‘Sir John Lubbock’s Pet Wasp’ – Osbert Parker and Laurie Hill

Sir_John_Lubbocks_Pet_Wasp_4

The next installment from the Untold Tales series

‘Strange but true stories’ have always been a rich source of inspiration for Parker and Hill, especially those taken from turn of the century Victorian tabloids. Sir John Lubbock’s story and his scientific writings on Ants, Bees & Wasps stood out as contemporary for the directors who worked in collaboration on the film. Themes of environmental concern, cultural displacement, and empathy were found in their interpretation of Lubbock’s story still relevant to today. A diverse range of techniques from stop motion, 2D cut-outs, and digital animation is combined to tell a bizarre and beautiful love story with a sting in its tale.

https://vimeo.com/297121305

https://www.instagram.com/animatedplayground

Advertisements

‘Untold tales’ by Animate Projects and Anim18

Picture1

Seven renowned animators have been selected to create a series of micro-shorts, commissioned by Animate Projects and Anim18, as part of the Anim18 programme – a UK-wide celebration of British animation taking place until December 2018.

Working in collaboration with other creative talents and a range of subjects, the animators reflect on the collective and individual experiences of people living in the UK today. They are playful, joyful, and eye-catching gems, designed to be discovered in the viewer’s Instagram feed, that they will want to share, repost, like, and comment on.

Together the films present an exciting and vibrant collection of stories exploring cultural heritage, historic curiosities, devoted communities, and ways individuals navigate modern life: Leo Crane’s film offers a platform to an adopted child to share his fantastical and hopeful dreams; Ian Gouldstone takes inspiration from the inhabitants of the tower block he resides in; and Osbert Parker and Laurie Hill consider the curious tale of a wasp brought into Victorian society and cultured, and how her treatment reflects on contemporary life today.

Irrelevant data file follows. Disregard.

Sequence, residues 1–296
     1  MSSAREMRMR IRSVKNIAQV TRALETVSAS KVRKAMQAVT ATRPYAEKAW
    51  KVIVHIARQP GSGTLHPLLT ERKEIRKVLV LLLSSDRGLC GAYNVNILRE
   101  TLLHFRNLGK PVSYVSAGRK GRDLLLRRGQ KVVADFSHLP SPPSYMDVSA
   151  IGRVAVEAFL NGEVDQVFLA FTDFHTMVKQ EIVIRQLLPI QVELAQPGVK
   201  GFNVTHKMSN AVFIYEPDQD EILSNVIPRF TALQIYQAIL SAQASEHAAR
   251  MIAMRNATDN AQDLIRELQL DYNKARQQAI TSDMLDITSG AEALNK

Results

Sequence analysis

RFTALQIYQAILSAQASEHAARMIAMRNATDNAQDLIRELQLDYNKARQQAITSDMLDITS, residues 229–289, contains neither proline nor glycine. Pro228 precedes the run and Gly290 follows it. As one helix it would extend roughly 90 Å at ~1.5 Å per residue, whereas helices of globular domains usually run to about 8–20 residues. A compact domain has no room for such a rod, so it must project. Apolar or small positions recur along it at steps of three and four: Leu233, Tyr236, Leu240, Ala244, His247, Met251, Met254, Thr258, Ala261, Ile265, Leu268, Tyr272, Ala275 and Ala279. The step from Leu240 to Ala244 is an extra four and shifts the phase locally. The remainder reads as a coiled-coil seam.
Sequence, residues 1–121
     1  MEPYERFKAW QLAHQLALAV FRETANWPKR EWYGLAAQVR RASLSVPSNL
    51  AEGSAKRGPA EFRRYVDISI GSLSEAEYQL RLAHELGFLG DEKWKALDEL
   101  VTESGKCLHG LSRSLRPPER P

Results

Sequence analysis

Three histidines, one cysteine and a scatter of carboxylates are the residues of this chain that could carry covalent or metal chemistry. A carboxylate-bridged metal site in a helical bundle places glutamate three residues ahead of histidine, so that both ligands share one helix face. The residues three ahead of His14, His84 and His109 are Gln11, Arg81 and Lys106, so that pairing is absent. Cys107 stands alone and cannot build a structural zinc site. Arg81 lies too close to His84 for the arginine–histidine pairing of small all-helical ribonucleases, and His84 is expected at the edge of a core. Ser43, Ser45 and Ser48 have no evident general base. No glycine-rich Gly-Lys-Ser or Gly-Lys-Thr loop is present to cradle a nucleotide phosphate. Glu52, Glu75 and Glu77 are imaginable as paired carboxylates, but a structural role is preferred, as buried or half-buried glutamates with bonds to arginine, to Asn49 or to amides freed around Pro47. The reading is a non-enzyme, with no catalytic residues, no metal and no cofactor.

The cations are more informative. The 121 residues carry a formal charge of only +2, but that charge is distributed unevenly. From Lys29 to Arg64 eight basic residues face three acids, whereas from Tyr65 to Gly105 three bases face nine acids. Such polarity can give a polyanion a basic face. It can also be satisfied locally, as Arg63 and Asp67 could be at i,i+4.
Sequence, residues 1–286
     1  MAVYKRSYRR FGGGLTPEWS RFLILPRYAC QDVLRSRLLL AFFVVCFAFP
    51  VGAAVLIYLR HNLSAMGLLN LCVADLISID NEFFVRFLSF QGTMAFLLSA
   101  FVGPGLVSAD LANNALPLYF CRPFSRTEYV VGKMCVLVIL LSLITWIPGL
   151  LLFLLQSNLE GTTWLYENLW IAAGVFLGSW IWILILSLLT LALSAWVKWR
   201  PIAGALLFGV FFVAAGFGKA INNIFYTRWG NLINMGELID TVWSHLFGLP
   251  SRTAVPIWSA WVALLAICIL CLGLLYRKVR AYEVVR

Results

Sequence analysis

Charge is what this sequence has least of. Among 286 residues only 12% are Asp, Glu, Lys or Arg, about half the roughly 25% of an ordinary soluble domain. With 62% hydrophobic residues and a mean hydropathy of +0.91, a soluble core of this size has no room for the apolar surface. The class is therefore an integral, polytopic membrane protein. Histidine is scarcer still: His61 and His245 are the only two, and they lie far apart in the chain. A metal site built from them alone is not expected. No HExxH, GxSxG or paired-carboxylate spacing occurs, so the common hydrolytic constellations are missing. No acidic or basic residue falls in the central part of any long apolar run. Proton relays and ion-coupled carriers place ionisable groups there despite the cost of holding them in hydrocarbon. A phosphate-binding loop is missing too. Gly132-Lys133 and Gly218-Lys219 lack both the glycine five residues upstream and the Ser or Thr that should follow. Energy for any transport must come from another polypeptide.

Several of the films center on the cultural communities that the animators belong to: Anushka Kishani Naanayakkara reflects on the motivations of visitors to a Buddhist Monastery that she frequents; Kate Sullivan invites us into a meeting of the 3D enthusiasts club she takes part in; and Jessica Ashman’s film celebrates the importance of participating in Carnival culture for herself and her peers.

Abigail Addison at Animate Projects explains: “The animators were approached to pitch ideas for this project, and we were delighted with the range of ideas and techniques that were proposed. These diminutive films attest to the considerable talent and craft of the makers; they are so innovative, lively, thought provoking, and entertaining. It is a joy to be able to work with such great animation talent.”

The films will be launched on Instagram and Vimeo throughout November, beginning with Hold Tight by Jessica Ashman on Tuesday 6 November.

You can find the films on their release date at the following links:

https://www.instagram.com/anim18uk